All of our kids have a special relationship with their Dad, but Jack and he are the most alike. Jack is kind, generous, and gregarious. He overcame his learning disability of ADD in high school and with hard work got accepted to Johnson & Wales University, where Tim had dreams of going, and received dual degrees, first in Culinary Arts and second in Sports, Entertainment, and Event Management. Like Tim, he also loves tennis and skiing! In fact, Tim worked out in Aspen, for a winter, too!


We told our doctor, Dr. Lin, about Jack. She said there was a whole other team of people who would evaluate him to see if he really was a match. Jack planned to come home in April to start the process.


Now you would think we had it made. Not really, because being accepted as a donor is a detailed and careful process as well. They want to make sure the potential donor is healthy and not being pressured into it by anyone. Of course, the blood and body types have to match as well. (However, I can only imagine what his doctor Dr. Yee Lee Cheah, and the Donor Team thought when they saw our 6 foot 4 inches tall, handsome, "mountain man" walk into their office!) Seriously though, Jack went through many blood tests, MRI, CT scans, Psychological Testing. He was also educated about the procedures which involved taking the lower lobe of his liver and transplanting it to Tim after his diseased liver had been removed. They would be in the operating rooms at the same time. It would take many hours. There would be pain that will be managed. He would have to take a few months off work to fully recover and grow back his liver. His Team functioned with Jack's full interest in mind, separate from what Tim needed.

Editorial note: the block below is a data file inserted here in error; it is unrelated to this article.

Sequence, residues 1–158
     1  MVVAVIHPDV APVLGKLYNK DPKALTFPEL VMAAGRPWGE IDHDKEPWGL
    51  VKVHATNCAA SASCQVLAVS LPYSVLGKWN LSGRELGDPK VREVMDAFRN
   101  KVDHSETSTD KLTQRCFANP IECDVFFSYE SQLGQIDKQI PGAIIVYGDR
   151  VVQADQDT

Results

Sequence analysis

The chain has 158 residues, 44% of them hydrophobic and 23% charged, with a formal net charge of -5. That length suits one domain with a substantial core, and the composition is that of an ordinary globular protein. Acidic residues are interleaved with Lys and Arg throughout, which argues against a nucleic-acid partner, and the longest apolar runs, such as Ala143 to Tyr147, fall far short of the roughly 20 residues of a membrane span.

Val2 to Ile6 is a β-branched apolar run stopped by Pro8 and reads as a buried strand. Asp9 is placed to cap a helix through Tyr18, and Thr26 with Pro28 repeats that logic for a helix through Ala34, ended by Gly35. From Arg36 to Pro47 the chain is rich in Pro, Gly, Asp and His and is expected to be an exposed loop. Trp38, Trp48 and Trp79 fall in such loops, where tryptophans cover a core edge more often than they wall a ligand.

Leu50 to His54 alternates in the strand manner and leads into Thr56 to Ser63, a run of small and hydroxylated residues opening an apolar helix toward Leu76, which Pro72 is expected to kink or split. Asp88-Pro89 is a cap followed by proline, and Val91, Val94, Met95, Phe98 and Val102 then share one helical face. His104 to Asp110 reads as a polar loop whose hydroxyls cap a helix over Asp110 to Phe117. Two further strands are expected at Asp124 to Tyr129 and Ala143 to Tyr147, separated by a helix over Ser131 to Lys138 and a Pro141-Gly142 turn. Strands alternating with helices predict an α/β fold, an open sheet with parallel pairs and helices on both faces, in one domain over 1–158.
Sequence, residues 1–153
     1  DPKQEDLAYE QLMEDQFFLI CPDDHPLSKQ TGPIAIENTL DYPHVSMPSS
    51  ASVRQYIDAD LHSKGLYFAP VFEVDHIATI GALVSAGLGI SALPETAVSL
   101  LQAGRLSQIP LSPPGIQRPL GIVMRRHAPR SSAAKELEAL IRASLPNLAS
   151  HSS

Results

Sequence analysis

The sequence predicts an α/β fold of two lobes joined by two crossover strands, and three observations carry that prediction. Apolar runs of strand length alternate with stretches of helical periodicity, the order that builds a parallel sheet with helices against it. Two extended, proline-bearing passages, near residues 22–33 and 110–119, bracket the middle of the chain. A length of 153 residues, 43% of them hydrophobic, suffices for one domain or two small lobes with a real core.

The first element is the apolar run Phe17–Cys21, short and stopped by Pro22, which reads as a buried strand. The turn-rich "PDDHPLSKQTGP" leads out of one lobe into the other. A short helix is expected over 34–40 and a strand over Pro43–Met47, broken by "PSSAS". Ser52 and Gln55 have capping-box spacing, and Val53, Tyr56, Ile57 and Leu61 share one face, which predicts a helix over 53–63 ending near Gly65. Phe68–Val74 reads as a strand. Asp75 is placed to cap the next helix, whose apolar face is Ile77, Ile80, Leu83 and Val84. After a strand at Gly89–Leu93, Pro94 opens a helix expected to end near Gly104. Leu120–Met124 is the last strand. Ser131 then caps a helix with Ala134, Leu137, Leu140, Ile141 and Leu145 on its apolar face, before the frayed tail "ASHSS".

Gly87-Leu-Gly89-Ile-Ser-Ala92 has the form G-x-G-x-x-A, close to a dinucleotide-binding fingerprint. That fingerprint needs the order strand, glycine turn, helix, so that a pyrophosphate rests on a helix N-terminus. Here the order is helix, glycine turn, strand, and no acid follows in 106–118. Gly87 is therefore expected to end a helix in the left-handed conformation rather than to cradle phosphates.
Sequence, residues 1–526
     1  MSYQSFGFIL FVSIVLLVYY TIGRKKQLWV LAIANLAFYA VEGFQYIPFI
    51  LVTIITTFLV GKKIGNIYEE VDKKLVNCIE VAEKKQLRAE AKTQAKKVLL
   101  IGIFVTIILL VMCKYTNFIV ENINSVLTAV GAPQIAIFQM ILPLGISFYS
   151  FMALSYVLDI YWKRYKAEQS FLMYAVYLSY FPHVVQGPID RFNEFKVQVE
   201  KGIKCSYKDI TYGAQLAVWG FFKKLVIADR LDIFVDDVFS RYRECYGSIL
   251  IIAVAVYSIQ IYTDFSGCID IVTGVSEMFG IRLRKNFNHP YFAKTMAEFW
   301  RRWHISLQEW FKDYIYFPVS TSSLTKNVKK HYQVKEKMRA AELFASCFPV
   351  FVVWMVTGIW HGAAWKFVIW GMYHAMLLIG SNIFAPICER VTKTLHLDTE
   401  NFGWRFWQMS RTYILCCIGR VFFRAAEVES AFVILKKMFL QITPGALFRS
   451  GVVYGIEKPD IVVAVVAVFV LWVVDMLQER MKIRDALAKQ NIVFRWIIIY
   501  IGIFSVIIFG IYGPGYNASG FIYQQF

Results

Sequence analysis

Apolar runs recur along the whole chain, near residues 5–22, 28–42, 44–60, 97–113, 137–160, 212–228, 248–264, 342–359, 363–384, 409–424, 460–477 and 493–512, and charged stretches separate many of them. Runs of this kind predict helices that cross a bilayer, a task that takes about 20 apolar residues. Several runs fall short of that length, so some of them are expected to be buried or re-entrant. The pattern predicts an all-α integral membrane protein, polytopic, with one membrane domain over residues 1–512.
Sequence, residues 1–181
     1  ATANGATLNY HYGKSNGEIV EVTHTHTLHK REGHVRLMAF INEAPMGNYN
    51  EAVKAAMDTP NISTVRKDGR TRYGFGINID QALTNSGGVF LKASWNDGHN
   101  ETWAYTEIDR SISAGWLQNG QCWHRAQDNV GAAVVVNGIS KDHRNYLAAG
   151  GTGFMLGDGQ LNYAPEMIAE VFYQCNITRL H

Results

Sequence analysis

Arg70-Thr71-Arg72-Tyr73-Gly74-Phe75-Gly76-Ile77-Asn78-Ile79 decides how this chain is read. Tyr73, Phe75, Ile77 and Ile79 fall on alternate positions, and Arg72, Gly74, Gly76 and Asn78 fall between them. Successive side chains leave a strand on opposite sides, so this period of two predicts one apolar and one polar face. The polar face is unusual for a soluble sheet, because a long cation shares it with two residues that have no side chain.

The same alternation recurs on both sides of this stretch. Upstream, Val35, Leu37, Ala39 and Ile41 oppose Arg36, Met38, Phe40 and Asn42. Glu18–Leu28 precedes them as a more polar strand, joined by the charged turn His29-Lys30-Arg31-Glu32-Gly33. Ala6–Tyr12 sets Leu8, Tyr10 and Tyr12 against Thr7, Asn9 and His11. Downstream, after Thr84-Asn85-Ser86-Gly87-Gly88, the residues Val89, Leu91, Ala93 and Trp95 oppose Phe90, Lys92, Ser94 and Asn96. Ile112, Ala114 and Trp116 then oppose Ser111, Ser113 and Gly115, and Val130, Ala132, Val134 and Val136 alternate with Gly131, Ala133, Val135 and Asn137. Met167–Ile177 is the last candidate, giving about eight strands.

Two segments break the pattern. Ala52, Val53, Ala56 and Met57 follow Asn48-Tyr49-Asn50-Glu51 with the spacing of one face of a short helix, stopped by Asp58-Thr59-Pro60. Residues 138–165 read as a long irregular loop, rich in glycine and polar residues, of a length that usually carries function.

In the meantime, after much testing, Tim had been approved by the doctors' committee to go on the deceased donor list. A surreal moment came when the counselor told us he could refuse a liver if we thought he could get a healthier one. Huh‽! That was a crazy reality.


It took about a month for Jack to be evaluated. I'll never forget the moment Jack called me at the end of May to tell me he had been approved by the doctors' committee! It was one of the best days of my life.


The surgeries were then scheduled for August. Tim was getting sicker and sicker. He slept most of the day. His skin was yellow. At one early doctor's appointment, his gastroenterologist Dr. M. Valerie Lin asked Tim what was his best quality? He said, "I'm funny!" His sense of humor was now almost gone. He was slowly dying. It was horrible to see.


On the other hand, our catering business "came alive "again as we were given the green light to cater again! (See my last post.) Tim was MIA but our Team was ready to go! We've had a very busy summer despite Tim's being gone. All thanks due to our amazing Team and you, our devoted clients!